LGBT Students To Give Faith Journey

Courtney Walters ‘17 and Philip Maenza ‘17 will be giving their faith journeys next week, focusing on their understandings of faith and sexual orientation. Both students identify as gay as well as Christian. Their talks will take place in the Center for the Arts (CFA) recital hall Tuesday, March 28, at 7 p.m.

Psychology professor and former counseling center director Michael Lastoria cooperated with Maenza and Walters to plan the event. According to Maenza, Lastoria “wanted to have the campus be able to hear a different side of the LGBT Christian narrative. Both Courtney and I have been wanting to share our stories in a public capacity. So it just kind of worked out.”

“I’ve always wanted to give my faith journey at Houghton,” Walters said, and noted she was told she would not be allowed to do so in a chapel service. She continued, “So if this the platform that I have to do it, then I’ll do it. And I couldn’t have picked a better person to do it with than Phil.”  

“Only one narrative of LGBT Christians is told at Houghton and advocated,” Maenza continued, and “we are hoping for nothing more than to share our stories of faith, love and friendship while navigating a same-sex sexual orientation” and Christian faith. Walters concurred and stated, “I think that it’s important for Houghton, especially since it’s a conservative Wesleyan institution, for them to see that just because I identify as gay, doesn’t mean that I am any less of a Christian than other people.”

Maenza and Walters both agreed their time at Houghton has hindered, but also helped, their growth as Christians. Maenza noted, “It hasn’t been easy. People are constantly questioning the genuineness of my faith and/or sexual orientation. People I don’t even know somehow think it is their right to judge or overstep bounds with inappropriate questions. [This] made for a lot of self loathing and self doubt and loneliness.” However, Maenza feels this pressure “really made [him] focus on God and God alone and [he] learned to not always put [his] faith in the church, which are humans, which make mistakes and misinterpret Scriptures.”

Walters stated, “I think Houghton has helped me because I’ve had to come to my view kind of on my own…I believe it in my core, and I know that it’s not influenced by the community around me but it’s part of who I am. I also think that it’s opened me up to discourse on other topics- I talk to people about race a lot more, and different socioeconomic classes. [My sexual orientation] has pushed me to talk about other minority groups’ topics as well.”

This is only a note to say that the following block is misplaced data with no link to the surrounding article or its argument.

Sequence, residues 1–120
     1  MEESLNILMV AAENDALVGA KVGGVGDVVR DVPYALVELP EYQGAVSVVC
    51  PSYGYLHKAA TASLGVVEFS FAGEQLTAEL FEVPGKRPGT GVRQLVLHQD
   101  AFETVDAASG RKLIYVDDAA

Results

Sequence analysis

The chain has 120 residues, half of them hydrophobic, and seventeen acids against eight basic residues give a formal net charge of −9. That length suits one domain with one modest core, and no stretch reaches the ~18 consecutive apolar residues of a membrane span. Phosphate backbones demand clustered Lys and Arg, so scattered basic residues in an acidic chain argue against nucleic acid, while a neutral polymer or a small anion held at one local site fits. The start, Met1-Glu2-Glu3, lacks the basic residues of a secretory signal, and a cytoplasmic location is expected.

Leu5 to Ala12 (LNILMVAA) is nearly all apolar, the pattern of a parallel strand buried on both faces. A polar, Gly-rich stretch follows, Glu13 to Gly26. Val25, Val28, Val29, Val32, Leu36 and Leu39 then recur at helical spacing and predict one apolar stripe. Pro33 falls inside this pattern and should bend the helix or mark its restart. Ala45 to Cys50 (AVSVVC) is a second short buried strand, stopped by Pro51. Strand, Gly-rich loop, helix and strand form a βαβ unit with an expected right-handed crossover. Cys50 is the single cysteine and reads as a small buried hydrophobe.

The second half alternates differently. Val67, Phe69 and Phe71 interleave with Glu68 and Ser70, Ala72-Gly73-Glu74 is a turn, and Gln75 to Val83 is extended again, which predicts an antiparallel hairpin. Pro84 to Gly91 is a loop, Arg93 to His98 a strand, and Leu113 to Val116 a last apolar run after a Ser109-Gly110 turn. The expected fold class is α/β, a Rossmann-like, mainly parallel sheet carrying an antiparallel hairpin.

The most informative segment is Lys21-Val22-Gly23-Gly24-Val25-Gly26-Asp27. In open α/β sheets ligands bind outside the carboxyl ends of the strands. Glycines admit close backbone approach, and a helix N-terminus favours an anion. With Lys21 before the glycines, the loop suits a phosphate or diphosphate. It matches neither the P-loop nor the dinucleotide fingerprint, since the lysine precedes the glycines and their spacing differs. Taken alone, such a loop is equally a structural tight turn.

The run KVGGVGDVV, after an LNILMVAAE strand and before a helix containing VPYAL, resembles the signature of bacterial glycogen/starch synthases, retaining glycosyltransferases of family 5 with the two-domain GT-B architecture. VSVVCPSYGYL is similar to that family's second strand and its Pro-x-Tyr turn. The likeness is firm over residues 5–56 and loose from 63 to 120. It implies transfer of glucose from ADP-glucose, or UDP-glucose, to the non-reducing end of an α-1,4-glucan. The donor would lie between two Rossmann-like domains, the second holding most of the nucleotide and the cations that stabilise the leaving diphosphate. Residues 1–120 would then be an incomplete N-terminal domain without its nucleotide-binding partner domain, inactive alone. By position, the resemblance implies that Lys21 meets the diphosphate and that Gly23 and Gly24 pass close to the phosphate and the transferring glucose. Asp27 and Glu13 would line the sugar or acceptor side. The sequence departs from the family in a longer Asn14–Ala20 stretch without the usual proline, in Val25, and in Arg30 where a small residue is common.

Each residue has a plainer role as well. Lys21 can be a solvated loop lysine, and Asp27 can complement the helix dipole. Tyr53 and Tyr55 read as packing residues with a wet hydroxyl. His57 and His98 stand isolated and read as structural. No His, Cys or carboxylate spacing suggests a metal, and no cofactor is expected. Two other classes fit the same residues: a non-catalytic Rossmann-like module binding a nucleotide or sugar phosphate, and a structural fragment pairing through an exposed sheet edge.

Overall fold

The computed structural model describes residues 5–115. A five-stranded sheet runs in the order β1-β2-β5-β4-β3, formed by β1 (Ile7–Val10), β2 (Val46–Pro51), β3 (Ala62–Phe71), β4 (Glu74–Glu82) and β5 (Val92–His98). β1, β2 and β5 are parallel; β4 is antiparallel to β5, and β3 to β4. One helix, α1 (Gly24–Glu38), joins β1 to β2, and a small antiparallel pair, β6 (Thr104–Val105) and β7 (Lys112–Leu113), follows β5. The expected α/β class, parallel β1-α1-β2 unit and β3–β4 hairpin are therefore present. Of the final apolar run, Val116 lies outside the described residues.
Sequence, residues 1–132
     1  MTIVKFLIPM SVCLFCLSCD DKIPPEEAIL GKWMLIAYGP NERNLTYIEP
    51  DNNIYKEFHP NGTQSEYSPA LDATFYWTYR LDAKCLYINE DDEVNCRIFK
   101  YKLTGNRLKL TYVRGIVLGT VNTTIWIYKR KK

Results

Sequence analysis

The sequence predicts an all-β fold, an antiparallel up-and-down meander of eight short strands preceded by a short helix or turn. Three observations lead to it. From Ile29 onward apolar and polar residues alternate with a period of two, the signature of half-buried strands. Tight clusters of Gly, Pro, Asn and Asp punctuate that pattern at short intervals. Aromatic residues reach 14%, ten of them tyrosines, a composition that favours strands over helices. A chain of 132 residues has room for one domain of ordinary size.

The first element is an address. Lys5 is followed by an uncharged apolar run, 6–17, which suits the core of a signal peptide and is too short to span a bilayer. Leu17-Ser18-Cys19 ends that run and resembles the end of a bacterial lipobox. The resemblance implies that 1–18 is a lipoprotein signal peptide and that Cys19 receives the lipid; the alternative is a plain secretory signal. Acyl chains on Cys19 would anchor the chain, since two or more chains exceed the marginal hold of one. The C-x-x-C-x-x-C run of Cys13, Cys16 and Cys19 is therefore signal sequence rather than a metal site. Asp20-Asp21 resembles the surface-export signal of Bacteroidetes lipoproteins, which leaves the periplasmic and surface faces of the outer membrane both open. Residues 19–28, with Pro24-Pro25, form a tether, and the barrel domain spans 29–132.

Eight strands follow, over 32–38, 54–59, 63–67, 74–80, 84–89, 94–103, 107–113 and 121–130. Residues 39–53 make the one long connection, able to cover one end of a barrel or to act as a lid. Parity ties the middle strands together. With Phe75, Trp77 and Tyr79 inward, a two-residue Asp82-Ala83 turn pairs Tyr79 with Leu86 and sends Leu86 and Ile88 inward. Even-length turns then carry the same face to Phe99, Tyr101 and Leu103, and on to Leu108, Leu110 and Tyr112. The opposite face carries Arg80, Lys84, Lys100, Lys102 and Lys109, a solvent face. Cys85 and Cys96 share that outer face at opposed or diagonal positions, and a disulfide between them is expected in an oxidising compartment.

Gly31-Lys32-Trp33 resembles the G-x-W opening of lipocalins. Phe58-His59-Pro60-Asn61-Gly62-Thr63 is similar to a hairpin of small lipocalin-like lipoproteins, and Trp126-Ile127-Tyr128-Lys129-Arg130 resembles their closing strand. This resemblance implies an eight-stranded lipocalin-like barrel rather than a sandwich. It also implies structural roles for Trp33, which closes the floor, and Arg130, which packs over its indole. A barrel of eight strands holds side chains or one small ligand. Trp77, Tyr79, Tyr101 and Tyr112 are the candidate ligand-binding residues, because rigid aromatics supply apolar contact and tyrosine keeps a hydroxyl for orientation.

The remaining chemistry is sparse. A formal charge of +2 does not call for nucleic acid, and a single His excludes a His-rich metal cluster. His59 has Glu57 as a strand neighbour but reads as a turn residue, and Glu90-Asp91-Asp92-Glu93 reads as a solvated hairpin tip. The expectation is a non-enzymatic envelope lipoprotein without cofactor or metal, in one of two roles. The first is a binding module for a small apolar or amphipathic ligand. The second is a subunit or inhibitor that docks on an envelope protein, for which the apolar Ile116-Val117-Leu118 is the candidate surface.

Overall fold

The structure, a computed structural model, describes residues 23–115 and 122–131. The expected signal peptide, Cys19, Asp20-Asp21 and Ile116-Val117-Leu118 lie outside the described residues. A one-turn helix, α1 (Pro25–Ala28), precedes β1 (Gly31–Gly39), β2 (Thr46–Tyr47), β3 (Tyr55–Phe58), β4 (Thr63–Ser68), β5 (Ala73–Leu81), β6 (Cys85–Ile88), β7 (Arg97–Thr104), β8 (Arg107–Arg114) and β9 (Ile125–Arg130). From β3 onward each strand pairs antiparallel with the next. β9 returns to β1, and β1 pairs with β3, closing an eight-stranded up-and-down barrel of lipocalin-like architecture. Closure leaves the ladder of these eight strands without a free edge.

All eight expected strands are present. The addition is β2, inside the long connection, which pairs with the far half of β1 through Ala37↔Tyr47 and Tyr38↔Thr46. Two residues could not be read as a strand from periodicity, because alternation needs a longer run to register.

Walters did note a lack of support on campus as “difficult.” She stated, “Just because we have a disagreement on this one theological topic, does not mean that I am different than them…. I think that if they can see that I still love God and grow, then they’ll understand, ‘hey, homosexuals aren’t evil’.”  

Walters also said it is challenging to be unsure of “safe people” to talk to about her faith and sexuality. “It’s hard to know which professors I can go to and talk about this. I wish that was a little different….[I wish Houghton showed us] some professors we can talk to.”

Colleen Shannon ‘17, who also is a gay Christian, said she shared similar struggles. “The most challenging aspect was navigating this challenging aspect of my life without support,” she said. “In my junior year, I had to strip down my faith to bare bones, all I knew was that I believed that God existed. All these voices around me were telling me that I was wrong, that I was evil….As I sort of rebuilt my faith with voices that told me it was okay to be gay and Christian.” She cited new struggles she has faced this year. She continued,“Going into my senior year, the challenge was finding a place of belonging….the place that Houghton is can’t welcome us on equal terms, and they’ve been working really hard, but ultimately it comes down to your perspective where, if you think that my lifestyle omits me from the kingdom of God, then how can you love me the same?”

The duo’s faith journey’s precede a four person panel discussion on LGBT students at Houghton on the following Saturday night as part of the Student Government Association coffeehouse series. Along with Maenza and Walters, Lily Brunner ‘17 and Micah Cronin ‘17 will participate in the panel.

 

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